Authors' Affiliations

Rebecca Steele, Department of Biological Sciences, College of Arts and Sciences, East Tennessee State University, Johnson City, TN. Darrell Moore, Department of Biological Sciences, College of Arts and Sciences, East Tennessee State University, Johnson City, TN. Blaine Schubert, Department of Geosciences, College of Arts and Sciences, East Tennessee State University, Johnson City, TN. Rebecca Wilson, Department of Biomedical Sciences, School of Graduate Studies, Quillen College of Medicine, Johnson City, TN. Clinton Elmore, Department of Geosciences, College of Arts and Sciences, East Tennessee State University, Johnson City, TN. Thomas C. Jones, Department of Biological Sciences, College of Arts and Sciences, East Tennessee State University, Johnson City, TN.

Location

Ballroom

Start Date

4-12-2019 9:00 AM

End Date

4-12-2019 2:30 PM

Poster Number

7

Faculty Sponsor’s Department

Biological Sciences

Name of Project's Faculty Sponsor

Dr. Thomas Jones

Type

Poster: Competitive

Classification of First Author

Graduate Student-Master’s

Project's Category

Biological Adaptation, Circadian Rhythms, Ecology

Abstract Text

Circadian clocks are endogenous time keeping mechanisms that are ubiquitous among animals. They enable coordination of many essential biological and metabolic processes in relation to the 24 hour light cycle on earth. However, there are many habitats on earth that are not subject to this light cycle. This study aims to look at the potential genetic drift of the circadian rhythm of a subterranean spider, Meta ovalis, as well as gathering general natural history information on this under-studied spider. This study will fill general gaps in knowledge of this spider and its habitat, highlight the importance of studying organisms within a subterranean environment, and place importance on cave conservation and acquiring knowledge of these specialized, and sensitive species. This study integrates circadian and foraging theory to evaluate species as circadian specialists and generalists based on how narrowly or widely their activity is spread over the 24 h cycle. We suggest that M. ovalis benefits from a generalist strategy, showing small bursts of focused activity widely dispersed across the 24 h cycle, allowing it to capture prey opportunistically whenever it is available. Live spiders were collected from area caves, monitored in an environment controlled for light and temperature, and returned to their cave of origin. The activity of each spider was analyzed for differences in circadian activity among and between populations to determine if there is a significant drift of the circadian strategy between isolated populations of Meta ovalis. We expect to see a different circadian strategy implemented between populations due to drift from the spiders being isolated from other populations.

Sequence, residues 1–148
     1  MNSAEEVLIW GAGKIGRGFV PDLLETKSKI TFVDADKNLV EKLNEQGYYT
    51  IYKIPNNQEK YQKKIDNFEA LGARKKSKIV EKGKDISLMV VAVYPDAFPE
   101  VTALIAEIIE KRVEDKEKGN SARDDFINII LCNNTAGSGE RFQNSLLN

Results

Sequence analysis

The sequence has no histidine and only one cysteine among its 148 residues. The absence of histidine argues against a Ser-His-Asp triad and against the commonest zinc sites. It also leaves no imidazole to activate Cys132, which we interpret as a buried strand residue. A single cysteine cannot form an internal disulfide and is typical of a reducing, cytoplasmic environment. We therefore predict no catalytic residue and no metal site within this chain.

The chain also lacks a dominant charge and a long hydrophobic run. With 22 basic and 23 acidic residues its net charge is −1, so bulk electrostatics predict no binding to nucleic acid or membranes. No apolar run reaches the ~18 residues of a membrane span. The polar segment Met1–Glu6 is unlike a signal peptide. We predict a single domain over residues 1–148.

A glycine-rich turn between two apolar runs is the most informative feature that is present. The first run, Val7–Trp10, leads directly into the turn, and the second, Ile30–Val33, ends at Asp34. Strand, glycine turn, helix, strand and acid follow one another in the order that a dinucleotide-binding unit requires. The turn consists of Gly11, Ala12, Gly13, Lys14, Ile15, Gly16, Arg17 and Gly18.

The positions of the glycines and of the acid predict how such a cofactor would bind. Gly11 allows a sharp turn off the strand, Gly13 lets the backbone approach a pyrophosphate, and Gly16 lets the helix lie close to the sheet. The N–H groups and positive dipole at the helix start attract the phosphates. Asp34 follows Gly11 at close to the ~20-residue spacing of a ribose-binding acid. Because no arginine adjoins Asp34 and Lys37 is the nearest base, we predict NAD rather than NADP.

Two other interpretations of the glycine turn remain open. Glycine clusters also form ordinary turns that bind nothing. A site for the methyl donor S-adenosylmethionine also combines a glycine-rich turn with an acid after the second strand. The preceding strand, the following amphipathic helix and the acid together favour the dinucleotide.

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Creative Commons Attribution 4.0 License
This work is licensed under a Creative Commons Attribution 4.0 License.

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Apr 12th, 9:00 AM Apr 12th, 2:30 PM

Chronoecology of the Cave Dwelling Orb-Weaver Spider, Meta ovalis (Araneae: Tetragnathidae)

Ballroom

Circadian clocks are endogenous time keeping mechanisms that are ubiquitous among animals. They enable coordination of many essential biological and metabolic processes in relation to the 24 hour light cycle on earth. However, there are many habitats on earth that are not subject to this light cycle. This study aims to look at the potential genetic drift of the circadian rhythm of a subterranean spider, Meta ovalis, as well as gathering general natural history information on this under-studied spider. This study will fill general gaps in knowledge of this spider and its habitat, highlight the importance of studying organisms within a subterranean environment, and place importance on cave conservation and acquiring knowledge of these specialized, and sensitive species. This study integrates circadian and foraging theory to evaluate species as circadian specialists and generalists based on how narrowly or widely their activity is spread over the 24 h cycle. We suggest that M. ovalis benefits from a generalist strategy, showing small bursts of focused activity widely dispersed across the 24 h cycle, allowing it to capture prey opportunistically whenever it is available. Live spiders were collected from area caves, monitored in an environment controlled for light and temperature, and returned to their cave of origin. The activity of each spider was analyzed for differences in circadian activity among and between populations to determine if there is a significant drift of the circadian strategy between isolated populations of Meta ovalis. We expect to see a different circadian strategy implemented between populations due to drift from the spiders being isolated from other populations.